C.S. Lewis ~ From the Preface to:
“Essays Presented to Charles Williams” (OUP 1947)

Jeeves, by Charles Williams

Barbara stretched out her hands, and Lionel pulled her to her feet.

"I just want to shimmer up, like Jeeves, not walk," she said.

"Do you like Jeeves, Mr. Persimmons?"

"Jeeves?" Gregory asked.

"I don't think I know it or him or them."

"Oh, you must," Barbara cried. "When I get back to London I'll send you a set."

"It's a book, or a man in a book," Lionel interrupted. "Barbara adores it."
"Well, so do you," Barbara said. "You always snigger when you read him."

"That is the weakness of the flesh," Lionel said. "One whouldn't snigger over Jeeves any more than one should snivel over Othello. Perfect art is beyond these easy emotions. I think Jeeves -- the whole book, preferably with the illustrations -- one of the final classic perfections of our time. It attains absolute being. Jeeves and his employer are one and yet diverse. It is the Don Quixote of the twentieth century."

"I must certainly read it," Gregory said, laughing. "Tell me more about it while we have tea."

"War In Heaven (Eerdmans 1978), page 157-8

Two boys...

Dear Phyllida,

Thanks for your most interesting cards. How do you get the gold so good? Whenever I tried to use it, however golden it looked on the shell, it always looked only like rough brown on the paper. Is it that you have some trick with the brush that I never learned, or that gold paint is better now than when I was a boy! [...]

I'm not quite sure what you meant about "silly adventure stories without my point". If they are silly, then having a point won't save them. But if they are good in themselves, and if by a "point" you mean some truth about the real world which which one can take out of the story, I'm not sure that I agree. At least, I think that looking for a "point" in that sense may prevent one sometimes from getting the real effect of the story in itself - like listening too hard for the words in singing which isn't meant to be listened to that way (like an anthem in a chorus). I'm not at all sure about all this, mind you: only thinking as I go along.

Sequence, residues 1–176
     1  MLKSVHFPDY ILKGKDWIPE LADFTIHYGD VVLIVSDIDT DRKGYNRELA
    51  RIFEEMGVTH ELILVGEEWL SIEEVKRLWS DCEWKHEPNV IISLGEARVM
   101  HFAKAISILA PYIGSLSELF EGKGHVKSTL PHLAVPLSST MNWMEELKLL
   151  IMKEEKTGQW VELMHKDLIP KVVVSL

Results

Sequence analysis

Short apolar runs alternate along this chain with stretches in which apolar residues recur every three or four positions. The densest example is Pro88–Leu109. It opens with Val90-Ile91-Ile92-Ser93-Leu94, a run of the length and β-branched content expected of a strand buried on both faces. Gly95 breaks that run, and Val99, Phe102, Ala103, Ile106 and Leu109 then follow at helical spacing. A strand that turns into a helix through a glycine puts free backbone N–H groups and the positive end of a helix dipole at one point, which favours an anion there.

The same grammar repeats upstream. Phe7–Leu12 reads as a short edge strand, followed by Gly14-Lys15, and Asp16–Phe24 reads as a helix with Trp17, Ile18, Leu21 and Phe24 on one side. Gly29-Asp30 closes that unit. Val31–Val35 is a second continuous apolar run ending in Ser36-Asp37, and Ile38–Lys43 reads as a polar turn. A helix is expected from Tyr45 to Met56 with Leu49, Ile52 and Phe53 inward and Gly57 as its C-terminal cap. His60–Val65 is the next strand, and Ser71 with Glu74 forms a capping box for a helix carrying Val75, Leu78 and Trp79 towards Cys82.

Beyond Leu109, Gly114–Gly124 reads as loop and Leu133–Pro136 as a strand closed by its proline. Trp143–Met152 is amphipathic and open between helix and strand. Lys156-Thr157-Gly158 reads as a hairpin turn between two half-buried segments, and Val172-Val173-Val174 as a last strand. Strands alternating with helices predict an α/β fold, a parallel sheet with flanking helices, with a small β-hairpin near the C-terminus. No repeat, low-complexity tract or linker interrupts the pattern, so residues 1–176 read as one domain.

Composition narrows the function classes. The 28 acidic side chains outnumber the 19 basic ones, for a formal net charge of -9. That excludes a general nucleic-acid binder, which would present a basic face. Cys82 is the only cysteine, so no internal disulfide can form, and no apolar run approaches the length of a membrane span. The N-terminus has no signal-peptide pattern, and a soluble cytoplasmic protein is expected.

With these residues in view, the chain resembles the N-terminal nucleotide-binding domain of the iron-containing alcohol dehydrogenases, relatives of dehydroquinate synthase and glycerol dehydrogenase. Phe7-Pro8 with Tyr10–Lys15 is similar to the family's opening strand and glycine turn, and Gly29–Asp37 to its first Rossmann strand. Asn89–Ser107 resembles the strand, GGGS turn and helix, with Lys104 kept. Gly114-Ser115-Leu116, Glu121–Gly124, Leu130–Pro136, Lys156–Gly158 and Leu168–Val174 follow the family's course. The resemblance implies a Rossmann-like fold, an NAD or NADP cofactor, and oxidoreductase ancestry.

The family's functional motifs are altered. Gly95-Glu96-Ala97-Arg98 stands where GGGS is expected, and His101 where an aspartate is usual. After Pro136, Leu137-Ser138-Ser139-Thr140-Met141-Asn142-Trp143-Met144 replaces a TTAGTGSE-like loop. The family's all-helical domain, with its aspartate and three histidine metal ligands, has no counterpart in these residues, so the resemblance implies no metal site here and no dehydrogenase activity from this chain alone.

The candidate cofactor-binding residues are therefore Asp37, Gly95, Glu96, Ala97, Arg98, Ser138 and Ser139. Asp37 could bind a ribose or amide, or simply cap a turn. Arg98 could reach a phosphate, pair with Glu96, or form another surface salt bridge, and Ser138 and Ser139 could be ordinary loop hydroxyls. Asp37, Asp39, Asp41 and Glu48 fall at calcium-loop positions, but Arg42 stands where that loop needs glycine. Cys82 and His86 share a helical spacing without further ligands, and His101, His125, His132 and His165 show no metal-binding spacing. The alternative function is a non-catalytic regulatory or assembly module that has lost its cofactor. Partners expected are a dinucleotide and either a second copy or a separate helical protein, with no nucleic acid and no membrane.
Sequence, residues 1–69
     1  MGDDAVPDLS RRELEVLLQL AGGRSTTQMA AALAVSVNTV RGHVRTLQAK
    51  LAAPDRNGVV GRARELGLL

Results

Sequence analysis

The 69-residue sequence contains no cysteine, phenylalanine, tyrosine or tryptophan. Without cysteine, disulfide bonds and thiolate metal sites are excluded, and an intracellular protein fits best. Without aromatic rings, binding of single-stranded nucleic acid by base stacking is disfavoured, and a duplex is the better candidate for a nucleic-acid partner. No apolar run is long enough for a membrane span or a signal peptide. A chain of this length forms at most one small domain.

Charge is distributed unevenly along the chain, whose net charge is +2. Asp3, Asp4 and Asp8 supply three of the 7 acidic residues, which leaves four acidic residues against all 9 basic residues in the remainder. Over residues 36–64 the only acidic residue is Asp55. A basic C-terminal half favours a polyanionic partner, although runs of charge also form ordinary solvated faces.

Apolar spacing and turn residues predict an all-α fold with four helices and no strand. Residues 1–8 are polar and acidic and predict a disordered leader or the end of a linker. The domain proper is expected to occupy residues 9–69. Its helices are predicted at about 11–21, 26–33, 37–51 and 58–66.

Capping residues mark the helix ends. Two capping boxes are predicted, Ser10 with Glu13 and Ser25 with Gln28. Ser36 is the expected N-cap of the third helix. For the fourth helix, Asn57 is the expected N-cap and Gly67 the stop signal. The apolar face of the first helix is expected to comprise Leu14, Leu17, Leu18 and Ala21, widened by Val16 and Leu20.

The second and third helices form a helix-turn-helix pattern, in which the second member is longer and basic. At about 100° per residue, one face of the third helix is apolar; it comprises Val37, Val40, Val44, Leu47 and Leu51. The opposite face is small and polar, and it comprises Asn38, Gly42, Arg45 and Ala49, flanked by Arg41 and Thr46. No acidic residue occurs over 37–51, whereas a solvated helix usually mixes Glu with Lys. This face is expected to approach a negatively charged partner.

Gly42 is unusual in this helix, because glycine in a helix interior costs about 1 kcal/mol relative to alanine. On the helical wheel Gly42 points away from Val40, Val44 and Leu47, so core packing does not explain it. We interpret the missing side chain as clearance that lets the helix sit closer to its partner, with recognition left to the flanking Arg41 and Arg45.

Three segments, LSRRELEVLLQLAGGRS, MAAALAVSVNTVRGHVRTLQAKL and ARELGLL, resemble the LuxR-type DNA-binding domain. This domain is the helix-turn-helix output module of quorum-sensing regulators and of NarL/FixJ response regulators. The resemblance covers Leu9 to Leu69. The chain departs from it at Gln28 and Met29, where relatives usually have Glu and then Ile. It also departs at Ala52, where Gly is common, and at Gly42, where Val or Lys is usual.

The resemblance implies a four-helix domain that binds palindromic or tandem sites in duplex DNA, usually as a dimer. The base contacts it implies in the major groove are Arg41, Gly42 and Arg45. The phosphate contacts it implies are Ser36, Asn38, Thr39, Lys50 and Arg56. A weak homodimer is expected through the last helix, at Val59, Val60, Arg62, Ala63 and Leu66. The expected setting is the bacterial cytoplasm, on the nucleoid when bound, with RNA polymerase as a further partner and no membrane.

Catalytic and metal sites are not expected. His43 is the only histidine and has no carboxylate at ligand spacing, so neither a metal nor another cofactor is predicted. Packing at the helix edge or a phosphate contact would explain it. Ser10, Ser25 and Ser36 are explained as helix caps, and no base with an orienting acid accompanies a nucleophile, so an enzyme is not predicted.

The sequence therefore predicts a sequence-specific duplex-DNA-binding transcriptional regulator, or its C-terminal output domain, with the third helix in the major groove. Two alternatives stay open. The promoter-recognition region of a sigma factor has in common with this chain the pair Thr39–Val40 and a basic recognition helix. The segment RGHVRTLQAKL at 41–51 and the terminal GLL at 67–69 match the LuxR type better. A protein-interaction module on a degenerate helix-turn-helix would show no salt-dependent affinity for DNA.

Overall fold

We have two American boys in the house at present, aged 8 and 6 1/2. Very nice. They seem to use much longer words than English boys of that age would: not showing off, but just because they don't seem to know the short words. But they haven't as good table manners as English boys of the same sort would. [...]


C.S. Lewis

Letters to Children (letter of Dec 18 1953)


With MichaelmasTerm just starting in Oxford, a poem from Charles Williams:

Adam and Eve came running
From Eden, heavy and sad;
Michael lightened behind them
With spears a myriad.
O love that is broken, broken!
(Sweet, were we running there?)
Lift from us, wings of Michael!
O sword of Michael, spare!

Mary lay in her chamber;
John the Apostle by.
Michael lightened before her,
'Behold, thine hour is nigh!’
O love exalted, exalted!
(Sweet, did we nurse the Lord?)
Gather us, wings of Michael!
Circle us, Michael's sword!

There was that war in heaven
Whereto the worlds were caught;
Michael fought and his angels,
Also the devil fought.
O love that is warring, warring!
(Us too shall that war rend?)
Beat for us, wings of Michael!
Sword of Michael, defend!

Charles Williams

The Discarded Image

Medieval man shared many ignorances with the savage, and some of his beliefs may suggest savage parallels to an anthropologist. But he had not usually reached these beliefs by the same route as the savage.